Tata Power has approached Gujarat Urja Vikas Nigam (GUVNL) to buy 51 per cent equity in the 4,000 Mw Mundra Ultra Mega Power Project (UMPP) for Rs 1. Adani Power and Essar Power, which also have power projects based on imported coal, are contemplating similar moves.
An official said Union Power Minister Piyush Goyal met banks and state government representatives this week to discuss power projects using imported coal and a committee had been set up to look into the fallout of a Supreme Court ruling on compensatory tariffs.
“The government has clarified that it will act as a facilitator. Banks and states that are procuring power from these units will take the final decision,” an official said. The State Bank of India will lead a committee of banks to evaluate the assets.
The meeting was attended by banks; Power Finance Corporation; REC; the chief secretaries of Gujarat, Punjab, Haryana, and Rajasthan; and representatives of Tata Power, Adani Power, and Essar Power.
In a letter to GUVNL, also marked to the Union power secretary, the chief secretary to the Gujarat government, and the principal secretary to Prime Minister Narendra Modi, Coastal Gujarat Power (CGPL) has suggested two options: Renegotiating the power purchase agreement and selling equity. CGPL is the holding company for the Mundra UMPP.
“The procurers take over 51 per cent paid-up equity shares of CGPL for a nominal value of Rs 1 and grant relief to the project by purchasing power at a rate to fully address the under-recovery of fuel costs at CGPL,” said the letter reviewed by Business Standard.
The letter added: “Tata Power shall continue to operate the plant under an O&M contract and provide all required support the project as a 49 per cent stakeholder.”
The Tata Sons board has questioned Tata Power why it went ahead with investments in Mundra when it knew the plant would not be viable at the cost structure available.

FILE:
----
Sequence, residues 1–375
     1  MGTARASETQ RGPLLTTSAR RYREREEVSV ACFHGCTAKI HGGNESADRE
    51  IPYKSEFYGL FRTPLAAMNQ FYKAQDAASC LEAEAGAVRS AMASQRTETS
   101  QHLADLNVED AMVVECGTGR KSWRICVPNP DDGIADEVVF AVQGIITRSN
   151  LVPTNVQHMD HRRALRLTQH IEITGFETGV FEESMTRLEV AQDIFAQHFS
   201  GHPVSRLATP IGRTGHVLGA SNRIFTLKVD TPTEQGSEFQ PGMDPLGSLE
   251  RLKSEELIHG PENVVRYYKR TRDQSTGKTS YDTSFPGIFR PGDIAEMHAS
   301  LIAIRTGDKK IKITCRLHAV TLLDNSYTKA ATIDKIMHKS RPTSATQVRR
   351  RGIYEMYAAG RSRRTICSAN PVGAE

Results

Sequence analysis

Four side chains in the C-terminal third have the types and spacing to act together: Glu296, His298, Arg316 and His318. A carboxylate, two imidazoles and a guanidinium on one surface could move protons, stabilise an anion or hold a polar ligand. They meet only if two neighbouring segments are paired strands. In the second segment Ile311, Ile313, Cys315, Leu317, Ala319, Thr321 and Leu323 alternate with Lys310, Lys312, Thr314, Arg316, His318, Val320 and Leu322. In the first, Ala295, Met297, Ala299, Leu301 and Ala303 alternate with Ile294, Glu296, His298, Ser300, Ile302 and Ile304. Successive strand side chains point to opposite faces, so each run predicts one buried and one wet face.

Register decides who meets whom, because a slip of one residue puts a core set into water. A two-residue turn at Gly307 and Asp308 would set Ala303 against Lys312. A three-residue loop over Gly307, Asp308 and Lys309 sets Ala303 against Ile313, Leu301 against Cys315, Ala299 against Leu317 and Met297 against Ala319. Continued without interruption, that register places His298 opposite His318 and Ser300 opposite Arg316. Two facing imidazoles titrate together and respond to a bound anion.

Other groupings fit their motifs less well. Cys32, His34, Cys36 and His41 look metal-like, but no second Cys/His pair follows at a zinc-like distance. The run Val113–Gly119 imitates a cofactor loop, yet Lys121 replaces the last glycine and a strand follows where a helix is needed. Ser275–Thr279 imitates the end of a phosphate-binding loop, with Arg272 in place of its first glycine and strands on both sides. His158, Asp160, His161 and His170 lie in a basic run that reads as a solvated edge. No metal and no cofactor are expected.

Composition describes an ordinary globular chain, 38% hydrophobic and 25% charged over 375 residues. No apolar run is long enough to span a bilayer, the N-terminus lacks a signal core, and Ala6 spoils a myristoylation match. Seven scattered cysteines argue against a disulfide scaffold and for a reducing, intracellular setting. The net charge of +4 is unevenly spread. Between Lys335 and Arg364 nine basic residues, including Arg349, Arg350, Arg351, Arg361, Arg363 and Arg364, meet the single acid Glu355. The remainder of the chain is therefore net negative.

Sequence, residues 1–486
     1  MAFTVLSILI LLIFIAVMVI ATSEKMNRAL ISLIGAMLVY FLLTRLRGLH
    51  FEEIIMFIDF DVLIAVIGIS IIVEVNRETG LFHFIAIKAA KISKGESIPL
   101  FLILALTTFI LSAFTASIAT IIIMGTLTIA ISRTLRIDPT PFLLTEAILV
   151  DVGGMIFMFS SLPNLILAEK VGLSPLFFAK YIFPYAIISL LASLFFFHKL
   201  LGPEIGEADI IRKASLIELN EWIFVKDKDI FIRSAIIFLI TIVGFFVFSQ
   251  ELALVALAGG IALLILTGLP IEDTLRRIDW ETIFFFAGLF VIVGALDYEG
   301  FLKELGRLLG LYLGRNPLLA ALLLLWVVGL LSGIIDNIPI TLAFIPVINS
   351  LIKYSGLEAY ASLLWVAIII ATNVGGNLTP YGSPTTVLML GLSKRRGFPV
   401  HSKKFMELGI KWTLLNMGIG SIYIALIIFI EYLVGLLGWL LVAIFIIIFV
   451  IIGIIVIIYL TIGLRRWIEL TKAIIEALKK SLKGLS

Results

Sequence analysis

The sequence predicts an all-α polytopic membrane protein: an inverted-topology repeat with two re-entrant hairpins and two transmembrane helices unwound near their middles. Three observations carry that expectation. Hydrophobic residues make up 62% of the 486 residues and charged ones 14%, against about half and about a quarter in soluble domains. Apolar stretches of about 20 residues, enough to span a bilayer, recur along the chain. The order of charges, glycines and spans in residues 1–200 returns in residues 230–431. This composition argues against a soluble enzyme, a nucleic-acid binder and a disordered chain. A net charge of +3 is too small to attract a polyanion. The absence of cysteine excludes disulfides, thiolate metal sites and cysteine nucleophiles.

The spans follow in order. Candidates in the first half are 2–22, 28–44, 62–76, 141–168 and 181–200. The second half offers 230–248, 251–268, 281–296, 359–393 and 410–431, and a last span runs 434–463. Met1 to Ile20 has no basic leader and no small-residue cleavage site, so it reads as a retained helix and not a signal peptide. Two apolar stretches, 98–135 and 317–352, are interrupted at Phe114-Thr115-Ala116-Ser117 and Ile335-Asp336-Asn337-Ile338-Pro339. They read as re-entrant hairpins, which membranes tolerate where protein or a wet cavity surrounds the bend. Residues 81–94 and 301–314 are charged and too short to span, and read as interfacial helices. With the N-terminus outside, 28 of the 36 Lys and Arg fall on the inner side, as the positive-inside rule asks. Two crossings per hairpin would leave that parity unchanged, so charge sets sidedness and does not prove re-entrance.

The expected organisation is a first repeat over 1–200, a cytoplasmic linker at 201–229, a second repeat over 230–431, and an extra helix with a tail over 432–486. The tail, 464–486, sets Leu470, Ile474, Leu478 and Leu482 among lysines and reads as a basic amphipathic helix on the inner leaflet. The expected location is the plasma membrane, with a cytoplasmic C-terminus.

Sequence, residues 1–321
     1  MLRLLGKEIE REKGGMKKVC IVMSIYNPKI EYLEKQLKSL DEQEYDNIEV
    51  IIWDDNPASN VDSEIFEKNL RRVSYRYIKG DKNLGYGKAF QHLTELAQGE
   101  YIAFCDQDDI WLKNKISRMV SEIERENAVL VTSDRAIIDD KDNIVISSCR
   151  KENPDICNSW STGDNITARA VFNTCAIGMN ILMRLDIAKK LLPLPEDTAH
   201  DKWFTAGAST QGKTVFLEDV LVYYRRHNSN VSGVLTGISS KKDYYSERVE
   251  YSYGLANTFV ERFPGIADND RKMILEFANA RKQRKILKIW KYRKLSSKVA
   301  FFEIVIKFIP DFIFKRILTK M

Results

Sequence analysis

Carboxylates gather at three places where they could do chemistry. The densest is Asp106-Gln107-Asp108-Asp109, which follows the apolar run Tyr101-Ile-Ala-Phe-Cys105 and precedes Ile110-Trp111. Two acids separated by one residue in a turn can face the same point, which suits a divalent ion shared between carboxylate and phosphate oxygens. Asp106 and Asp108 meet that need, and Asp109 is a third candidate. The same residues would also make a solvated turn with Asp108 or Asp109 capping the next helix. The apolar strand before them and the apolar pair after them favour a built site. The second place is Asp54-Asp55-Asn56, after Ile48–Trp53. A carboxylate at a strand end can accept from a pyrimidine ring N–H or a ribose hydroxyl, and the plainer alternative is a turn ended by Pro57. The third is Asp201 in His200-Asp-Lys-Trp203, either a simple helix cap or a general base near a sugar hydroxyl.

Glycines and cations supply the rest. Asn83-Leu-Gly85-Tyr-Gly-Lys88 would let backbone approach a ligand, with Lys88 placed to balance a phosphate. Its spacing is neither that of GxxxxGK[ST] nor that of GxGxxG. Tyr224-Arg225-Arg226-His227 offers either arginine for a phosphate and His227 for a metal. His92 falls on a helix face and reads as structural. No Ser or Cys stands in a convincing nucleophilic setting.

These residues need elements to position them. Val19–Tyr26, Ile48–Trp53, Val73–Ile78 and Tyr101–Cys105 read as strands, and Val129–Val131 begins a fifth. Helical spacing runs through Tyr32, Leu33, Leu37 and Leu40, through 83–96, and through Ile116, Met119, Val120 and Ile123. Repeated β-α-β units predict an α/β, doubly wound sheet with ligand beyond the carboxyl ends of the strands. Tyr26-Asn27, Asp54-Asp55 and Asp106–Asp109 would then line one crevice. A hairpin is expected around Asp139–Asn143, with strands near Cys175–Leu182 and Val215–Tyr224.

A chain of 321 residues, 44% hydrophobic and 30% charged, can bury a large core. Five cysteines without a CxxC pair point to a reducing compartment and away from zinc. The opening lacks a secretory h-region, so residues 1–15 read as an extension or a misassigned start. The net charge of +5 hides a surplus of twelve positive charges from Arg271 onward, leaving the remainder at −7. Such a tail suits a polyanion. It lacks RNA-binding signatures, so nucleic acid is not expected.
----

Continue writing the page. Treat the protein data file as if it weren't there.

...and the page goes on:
Sources said Tata Power was also contemplating retrofitting the Mundra plant to use domestic coal to supply power to neighbouring countries such as Bangladesh. This is in line with a new coal linkage policy, which offers coal to projects based on imported coal as well. “Certain sections of investors have been informed about the possibility of having to take a full write-off on investments made in the Mundra UMPP. Lenders have expressed their dissent in wanting to fund even the working capital needs of the plant following the Supreme Court order,” said an executive.
“Bankers have made a suggestion that if 51 per cent equity is taken over, the procurers will have the advantage of competitive power for the full life of the plant,” said a statement by Tata Power.
Accumulated losses of CGPL are Rs 6,547 crore and its paid-up equity is Rs 6,083 crore. In a project outlay of Rs 17,900 crore, CGPL has a total outstanding long-term loan of Rs 10,159 crore and an additional Rs 4,460 crore loan taken by Tata Power to meet cash requirements of CGPL.
Tata Power said the project lenders had stopped disbursal of loans beyond what was disbursed due to non-viability of the Mundra UMPP. “Due to continuous cash losses and downgrade from credit agencies, CGPL has lost its ability to arrange from financial institutions its short-term funding/working capital requirements for its day to day operations,” said the letter. The Mundra UMPP and a 1,980 Mw power plant of Adani Power at the same location, which used coal imported from Indonesia, had sought to pass on escalated coal costs due to changed regulations to the state utilities of Gujarat, Rajasthan, Maharashtra, Punjab and Haryana.
On directions of Appellate Tribunal of Electricity (APTEL) and the Supreme Court, the Central Electricity Regulatory Commission (CERC) computed relief for the two firms in an order in December 2016. But the SC in April set aside the judgments of both the APTEL and CERC, hence quashing any relief. It directed the CERC to “go into the matter afresh and determine what relief should be granted to those power generators who fall within Clause 13 of the PPA as has been held by us in this judgment”. The CERC is yet to compute the relief.
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